Professional LCD Monitors: NEC LCD2190UX and Samsung XL20

Incorrect correct color reproduction is an issue with a lot of consumer LCD panels. Today we are going to take a look at professional LCD monitors that have been specifically optimized for work with colors. Please meet the three professional models from NEC and Samsung in our new detailed review!

by Oleg Artamonov
01/29/2007 | 02:22 PM

“This monitor is specifically intended for working in MS Office professionally”,
A speaker at a press-conference

The epithet “professional” is among the favorites of any hardware manufacturer, not only when it comes to computers. The customer is given to understand that professionals, i.e. people who a priori have a deeper grasp of the given matter than himself, would prefer this very product. But this epithet has almost lost any practical meaning as it is now being hung on every item that is somehow different from others in characteristics or price. There’s a lot of “professional” equipment, from frying pans to computers, in every shop.

So before trying to talk seriously about professional-class products, we should first define what we mean. I’d put forth this definition: a professional-class monitor is a monitor with such characteristics and capabilities that make it a perfect tool for performing narrowly-scoped tasks, but are excessive for common tasks. It’s like with vehicles: a bus is suited perfectly for transporting a large number of people from one place to another, but won’t do as a personal car.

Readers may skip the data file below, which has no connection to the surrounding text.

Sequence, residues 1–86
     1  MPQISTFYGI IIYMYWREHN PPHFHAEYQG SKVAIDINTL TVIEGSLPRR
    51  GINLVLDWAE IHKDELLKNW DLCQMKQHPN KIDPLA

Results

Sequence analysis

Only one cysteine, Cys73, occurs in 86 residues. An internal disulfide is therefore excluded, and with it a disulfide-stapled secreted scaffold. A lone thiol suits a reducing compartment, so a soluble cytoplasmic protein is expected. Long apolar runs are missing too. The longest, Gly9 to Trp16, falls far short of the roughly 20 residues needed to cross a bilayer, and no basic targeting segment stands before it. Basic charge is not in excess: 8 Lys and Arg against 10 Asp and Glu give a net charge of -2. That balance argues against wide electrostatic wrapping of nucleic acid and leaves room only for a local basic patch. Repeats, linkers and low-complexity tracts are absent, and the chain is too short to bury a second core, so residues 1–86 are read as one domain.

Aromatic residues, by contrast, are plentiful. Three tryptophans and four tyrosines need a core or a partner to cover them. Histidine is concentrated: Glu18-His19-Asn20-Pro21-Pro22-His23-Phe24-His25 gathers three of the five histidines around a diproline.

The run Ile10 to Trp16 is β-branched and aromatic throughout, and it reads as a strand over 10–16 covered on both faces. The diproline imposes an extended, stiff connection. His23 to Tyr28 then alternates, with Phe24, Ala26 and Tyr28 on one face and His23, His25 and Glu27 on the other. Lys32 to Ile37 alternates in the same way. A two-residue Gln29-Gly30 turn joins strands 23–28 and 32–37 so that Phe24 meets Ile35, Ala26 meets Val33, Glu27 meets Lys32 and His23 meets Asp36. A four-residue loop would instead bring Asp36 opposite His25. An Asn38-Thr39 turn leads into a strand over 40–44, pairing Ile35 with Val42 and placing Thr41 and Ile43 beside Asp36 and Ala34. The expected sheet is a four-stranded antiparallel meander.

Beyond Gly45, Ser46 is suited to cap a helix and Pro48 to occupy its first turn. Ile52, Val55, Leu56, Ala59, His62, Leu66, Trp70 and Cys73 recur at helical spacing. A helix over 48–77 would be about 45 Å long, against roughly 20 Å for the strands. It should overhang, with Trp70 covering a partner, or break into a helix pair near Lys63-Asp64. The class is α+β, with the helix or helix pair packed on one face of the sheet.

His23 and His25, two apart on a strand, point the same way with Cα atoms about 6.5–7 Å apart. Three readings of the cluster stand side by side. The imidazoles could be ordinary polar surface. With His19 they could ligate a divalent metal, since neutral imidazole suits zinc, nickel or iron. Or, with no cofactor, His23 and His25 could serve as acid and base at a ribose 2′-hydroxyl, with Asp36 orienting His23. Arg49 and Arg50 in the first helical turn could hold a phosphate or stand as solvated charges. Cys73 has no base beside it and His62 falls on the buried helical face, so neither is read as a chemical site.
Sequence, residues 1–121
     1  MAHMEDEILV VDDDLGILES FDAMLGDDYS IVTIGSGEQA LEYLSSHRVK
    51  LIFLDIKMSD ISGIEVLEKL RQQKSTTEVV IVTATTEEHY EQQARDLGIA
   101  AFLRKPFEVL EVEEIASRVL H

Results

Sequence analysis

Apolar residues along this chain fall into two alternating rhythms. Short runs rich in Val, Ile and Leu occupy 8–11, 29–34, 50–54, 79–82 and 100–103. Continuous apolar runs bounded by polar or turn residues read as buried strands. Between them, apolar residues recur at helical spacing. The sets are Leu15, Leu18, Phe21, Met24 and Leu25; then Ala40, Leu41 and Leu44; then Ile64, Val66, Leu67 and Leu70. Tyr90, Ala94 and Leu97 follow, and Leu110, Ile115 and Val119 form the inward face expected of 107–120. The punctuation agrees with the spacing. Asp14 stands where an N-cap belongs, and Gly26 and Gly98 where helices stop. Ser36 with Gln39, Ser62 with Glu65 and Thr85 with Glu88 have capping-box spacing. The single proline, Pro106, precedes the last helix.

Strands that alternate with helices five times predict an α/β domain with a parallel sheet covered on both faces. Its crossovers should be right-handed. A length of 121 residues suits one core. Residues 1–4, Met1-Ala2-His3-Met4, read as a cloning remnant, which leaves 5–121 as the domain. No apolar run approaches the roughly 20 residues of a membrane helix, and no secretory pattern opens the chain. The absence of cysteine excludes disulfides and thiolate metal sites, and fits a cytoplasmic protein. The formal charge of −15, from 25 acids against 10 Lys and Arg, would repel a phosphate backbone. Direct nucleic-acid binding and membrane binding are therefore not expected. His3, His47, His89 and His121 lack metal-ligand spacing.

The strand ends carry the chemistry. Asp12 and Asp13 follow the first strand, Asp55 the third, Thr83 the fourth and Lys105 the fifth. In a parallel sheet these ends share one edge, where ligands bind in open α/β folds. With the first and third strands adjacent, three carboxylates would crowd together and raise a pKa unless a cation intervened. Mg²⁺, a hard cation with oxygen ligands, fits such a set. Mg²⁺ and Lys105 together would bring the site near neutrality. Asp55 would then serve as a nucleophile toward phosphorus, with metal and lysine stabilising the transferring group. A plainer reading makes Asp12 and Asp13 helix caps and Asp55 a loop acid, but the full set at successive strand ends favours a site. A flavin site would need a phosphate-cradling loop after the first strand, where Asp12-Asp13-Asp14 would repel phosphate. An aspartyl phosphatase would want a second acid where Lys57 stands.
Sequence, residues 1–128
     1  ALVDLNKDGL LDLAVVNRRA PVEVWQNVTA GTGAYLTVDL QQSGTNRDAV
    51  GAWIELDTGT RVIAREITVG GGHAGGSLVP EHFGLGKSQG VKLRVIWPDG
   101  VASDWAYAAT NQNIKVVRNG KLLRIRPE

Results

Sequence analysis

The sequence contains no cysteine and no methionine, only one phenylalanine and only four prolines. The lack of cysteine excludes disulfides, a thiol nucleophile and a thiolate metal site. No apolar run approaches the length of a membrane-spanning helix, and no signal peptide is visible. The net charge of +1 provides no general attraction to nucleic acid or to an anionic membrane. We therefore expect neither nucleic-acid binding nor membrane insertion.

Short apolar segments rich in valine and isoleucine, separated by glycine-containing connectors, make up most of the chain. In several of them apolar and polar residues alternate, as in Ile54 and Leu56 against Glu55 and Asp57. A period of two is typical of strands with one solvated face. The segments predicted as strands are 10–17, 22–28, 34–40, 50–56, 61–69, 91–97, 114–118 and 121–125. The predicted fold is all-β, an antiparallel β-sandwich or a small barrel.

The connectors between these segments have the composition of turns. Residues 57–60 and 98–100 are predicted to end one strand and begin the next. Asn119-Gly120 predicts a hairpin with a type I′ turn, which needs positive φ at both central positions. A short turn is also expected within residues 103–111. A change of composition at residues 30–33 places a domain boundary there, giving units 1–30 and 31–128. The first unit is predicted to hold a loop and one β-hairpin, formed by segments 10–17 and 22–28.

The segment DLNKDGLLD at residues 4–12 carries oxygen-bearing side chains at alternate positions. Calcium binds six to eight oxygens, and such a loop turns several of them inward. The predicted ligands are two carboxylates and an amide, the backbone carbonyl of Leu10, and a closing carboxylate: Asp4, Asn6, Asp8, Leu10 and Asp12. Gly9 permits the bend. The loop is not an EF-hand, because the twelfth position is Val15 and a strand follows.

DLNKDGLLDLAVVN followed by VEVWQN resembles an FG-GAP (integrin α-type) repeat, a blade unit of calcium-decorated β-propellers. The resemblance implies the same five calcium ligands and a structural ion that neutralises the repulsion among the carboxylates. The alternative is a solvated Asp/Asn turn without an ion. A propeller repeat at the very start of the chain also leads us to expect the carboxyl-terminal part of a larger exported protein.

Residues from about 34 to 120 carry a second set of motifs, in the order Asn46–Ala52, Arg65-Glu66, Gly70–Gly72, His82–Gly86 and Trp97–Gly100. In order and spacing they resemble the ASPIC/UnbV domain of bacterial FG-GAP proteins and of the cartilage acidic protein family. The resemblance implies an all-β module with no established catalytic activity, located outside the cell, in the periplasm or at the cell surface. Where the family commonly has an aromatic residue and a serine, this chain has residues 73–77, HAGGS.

If we take this definition, quite a large share of monitors that are called professional by their manufacturers fall out of our consideration. For example, ViewSonic’s Pro series differs from other product series of that company in using MVA or S-IPS matrixes (and not in all of the models even) and adjustable-height stands. I don’t think that ordinary users don’t need a convenient stand and good viewing angles those matrix types provide. On the other hand, such monitors won’t interest people who are professionally engaged in color correction.

Professional monitors can be different. It can be models with very high brightness intended for medical applications. There are models with black-and-white matrixes capable of displaying 1024 grades of gray (as opposed to the ordinary monitor’s 256) and also intended for medical applications – you don’t need colors to examine an X-ray photo, for example. There are models with high-resolution matrixes like the IBM T221, a 22” LCD monitor with a colossal resolution of 3840x2400 pixels.

Yet these monitors don’t meet the ordinary user’s needs. They are mostly intended for narrowly defined applications, their price is far from affordable, and they often put forth very specific requirements to the graphics card.